BCL-2 associated X protein (BAX) is a proapoptotic member of the BCL-2 protein family, which plays an essential role in triggering cell commitment to apoptosis. Depending on the physiological condition of the cell, BAX shuttles between soluble (inactive) and mitochondrial outer membrane-associated conformation(s). Upon activation by various apoptotic stimuli, BAX translocates to the mitochondrial outer membrane (MOM) and undergoes a set of conformational changes leading to protein oligomerization. Ultimately, oligomerization leads to assembly of pores through which apoptogenic factors, such as cytochrome C, are released from the mitochondrial inter- membrane space to the cytosol, thus initiating apoptosis. Despite extensive research in this field, the exact mechanism by which BAX mediates MOM permeabilization as well as the nature and structure of BAX-mediated pores remain elusive. Clarifying the structural transitions that drive BAX activation and pore formation may facilitate the development of therapeutic agents that can potentially be used to treat diseases with inadequate apoptosis, such as cancer, or excessive apoptosis such as neurodegenerative disorders.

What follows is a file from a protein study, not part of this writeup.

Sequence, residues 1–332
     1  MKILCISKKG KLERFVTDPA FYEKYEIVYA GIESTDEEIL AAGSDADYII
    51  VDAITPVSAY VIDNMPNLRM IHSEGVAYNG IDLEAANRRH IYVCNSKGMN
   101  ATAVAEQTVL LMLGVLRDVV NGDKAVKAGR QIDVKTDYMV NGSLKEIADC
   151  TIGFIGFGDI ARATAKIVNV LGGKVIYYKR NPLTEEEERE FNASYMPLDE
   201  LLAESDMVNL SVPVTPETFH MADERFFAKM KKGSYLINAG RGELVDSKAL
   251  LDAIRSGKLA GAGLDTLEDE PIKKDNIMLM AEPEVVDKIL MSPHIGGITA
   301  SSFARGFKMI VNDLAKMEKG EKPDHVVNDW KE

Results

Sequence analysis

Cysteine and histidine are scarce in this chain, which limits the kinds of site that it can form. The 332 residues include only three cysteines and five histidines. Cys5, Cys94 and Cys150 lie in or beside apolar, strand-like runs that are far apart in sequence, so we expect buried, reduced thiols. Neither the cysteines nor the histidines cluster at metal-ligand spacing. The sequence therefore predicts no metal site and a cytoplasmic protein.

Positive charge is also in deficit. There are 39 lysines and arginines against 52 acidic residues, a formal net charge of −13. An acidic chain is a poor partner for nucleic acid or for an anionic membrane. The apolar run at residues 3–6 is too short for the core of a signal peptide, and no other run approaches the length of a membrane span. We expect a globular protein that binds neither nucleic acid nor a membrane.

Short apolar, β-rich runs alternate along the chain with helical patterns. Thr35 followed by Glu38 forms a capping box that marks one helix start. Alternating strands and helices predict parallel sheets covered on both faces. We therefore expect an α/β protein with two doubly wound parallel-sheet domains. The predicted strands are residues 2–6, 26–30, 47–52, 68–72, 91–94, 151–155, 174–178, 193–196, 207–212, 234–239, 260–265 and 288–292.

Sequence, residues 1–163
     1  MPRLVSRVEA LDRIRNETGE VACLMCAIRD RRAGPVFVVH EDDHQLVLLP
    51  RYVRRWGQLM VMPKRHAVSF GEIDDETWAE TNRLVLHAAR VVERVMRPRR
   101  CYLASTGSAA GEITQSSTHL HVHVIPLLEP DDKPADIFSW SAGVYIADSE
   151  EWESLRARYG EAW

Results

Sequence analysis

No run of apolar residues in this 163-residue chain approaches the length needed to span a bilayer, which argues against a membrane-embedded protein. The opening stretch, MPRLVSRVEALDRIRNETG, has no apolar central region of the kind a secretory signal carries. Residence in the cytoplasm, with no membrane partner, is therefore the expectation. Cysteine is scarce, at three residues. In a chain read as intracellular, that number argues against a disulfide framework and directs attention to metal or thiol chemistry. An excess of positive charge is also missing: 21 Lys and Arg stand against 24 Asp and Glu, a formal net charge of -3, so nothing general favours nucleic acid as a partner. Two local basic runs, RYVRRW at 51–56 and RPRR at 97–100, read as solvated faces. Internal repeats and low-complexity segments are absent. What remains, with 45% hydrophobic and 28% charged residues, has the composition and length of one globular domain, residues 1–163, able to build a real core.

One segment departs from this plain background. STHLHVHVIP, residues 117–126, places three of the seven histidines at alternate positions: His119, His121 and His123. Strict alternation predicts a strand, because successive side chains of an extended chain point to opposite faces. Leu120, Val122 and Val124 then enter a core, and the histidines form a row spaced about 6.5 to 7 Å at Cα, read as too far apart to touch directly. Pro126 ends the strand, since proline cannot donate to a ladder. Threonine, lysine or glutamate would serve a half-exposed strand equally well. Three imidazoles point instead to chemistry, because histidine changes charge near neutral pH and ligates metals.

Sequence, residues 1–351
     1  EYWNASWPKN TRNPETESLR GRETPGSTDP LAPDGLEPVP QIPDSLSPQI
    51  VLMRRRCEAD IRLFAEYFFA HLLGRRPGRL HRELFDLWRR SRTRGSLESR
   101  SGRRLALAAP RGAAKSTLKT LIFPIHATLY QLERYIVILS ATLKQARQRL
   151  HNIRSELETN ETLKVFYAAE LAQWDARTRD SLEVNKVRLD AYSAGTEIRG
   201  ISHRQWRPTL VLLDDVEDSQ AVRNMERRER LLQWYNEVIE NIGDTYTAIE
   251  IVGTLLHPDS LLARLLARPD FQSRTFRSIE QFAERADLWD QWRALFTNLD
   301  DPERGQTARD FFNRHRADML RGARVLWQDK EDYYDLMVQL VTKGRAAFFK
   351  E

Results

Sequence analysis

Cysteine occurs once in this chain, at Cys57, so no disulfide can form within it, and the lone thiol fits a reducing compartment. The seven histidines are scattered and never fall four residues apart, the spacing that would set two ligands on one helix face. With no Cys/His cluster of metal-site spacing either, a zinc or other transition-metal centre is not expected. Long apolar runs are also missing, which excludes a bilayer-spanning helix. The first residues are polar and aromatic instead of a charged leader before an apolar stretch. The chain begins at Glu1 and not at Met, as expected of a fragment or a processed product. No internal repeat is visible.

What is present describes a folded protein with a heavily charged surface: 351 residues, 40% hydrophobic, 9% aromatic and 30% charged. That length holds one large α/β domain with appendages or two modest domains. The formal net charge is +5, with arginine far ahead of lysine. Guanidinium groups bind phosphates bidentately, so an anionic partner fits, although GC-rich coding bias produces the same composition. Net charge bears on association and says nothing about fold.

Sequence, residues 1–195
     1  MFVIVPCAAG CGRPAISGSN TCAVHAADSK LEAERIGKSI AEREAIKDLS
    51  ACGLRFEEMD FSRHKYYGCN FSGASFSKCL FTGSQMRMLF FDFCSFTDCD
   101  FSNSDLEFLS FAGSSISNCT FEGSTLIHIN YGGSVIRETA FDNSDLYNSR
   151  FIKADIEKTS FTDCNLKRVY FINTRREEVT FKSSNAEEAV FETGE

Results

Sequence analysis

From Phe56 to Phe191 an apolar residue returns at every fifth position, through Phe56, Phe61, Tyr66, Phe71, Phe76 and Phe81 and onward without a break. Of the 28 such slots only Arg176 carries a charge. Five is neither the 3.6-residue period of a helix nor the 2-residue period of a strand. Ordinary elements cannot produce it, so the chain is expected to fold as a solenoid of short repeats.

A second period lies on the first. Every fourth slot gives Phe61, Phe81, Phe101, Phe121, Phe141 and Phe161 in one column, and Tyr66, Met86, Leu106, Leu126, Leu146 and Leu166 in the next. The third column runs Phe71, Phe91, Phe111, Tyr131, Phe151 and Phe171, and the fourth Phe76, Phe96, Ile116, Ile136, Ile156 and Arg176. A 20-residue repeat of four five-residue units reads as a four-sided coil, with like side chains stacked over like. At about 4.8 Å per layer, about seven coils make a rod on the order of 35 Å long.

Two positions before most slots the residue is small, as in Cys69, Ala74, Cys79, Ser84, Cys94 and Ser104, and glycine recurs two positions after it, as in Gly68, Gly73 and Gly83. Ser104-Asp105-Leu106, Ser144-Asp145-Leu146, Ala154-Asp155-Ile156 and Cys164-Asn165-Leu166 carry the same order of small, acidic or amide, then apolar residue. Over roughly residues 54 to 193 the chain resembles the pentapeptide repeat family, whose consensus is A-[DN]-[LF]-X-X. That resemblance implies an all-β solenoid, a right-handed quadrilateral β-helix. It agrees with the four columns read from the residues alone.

In Aim 1, we will attempt to solve the 3D structure for membrane-engaged BAX using mainly NMR among other biophysical techniques. We will also structurally characterize the BAX-mediated pore. Several reports have suggested that BAX interacts with voltage dependent anion channel 1 (VDAC-1), however the significance of this interaction is not clear.
In Aim 2, we will pursue the structural characterization of the VDAC-1/BAX complex. Together these aims will help us better understand the mechanistic details of BAX-mediated apoptosis.
Apoptosis, or programmed cell death, becomes dysregulated in many pathological conditions such as cancer, autoimmune disorders, and neurodegenerative diseases. In this proposal we aim to structurally characterize BAX, a protein which plays an essential role in the intrinsic pathway of apoptosis. Defining the molecular details of the activation and oligomerization of BAX is an important step for the development of therapeutic agents that target diseases with inappropriate apoptosis.
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